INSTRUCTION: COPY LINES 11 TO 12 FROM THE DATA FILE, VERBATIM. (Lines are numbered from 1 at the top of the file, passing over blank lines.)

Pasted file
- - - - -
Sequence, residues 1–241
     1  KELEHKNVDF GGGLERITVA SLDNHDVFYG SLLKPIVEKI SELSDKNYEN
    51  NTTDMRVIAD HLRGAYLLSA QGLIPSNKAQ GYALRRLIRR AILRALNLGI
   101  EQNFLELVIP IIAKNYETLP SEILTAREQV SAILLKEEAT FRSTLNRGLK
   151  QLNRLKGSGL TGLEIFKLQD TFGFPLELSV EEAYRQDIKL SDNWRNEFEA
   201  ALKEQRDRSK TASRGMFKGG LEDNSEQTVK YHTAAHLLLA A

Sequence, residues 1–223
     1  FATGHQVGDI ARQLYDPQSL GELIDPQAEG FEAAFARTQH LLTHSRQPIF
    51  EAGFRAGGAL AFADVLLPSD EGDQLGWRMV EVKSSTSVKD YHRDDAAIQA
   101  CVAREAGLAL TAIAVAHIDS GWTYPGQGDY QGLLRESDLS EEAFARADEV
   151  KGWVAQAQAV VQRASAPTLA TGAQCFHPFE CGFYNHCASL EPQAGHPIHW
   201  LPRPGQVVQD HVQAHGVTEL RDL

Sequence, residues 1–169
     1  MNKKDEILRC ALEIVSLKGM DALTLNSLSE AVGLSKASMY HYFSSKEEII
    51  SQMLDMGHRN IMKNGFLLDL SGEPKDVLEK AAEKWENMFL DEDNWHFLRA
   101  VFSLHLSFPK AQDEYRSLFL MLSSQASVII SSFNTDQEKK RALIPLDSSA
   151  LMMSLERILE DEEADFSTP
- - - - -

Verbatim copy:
   151  KGWVAQAQAV VQRASAPTLA TGAQCFHPFE CGFYNHCASL EPQAGHPIHW
   201  LPRPGQVVQD HVQAHGVTEL RDL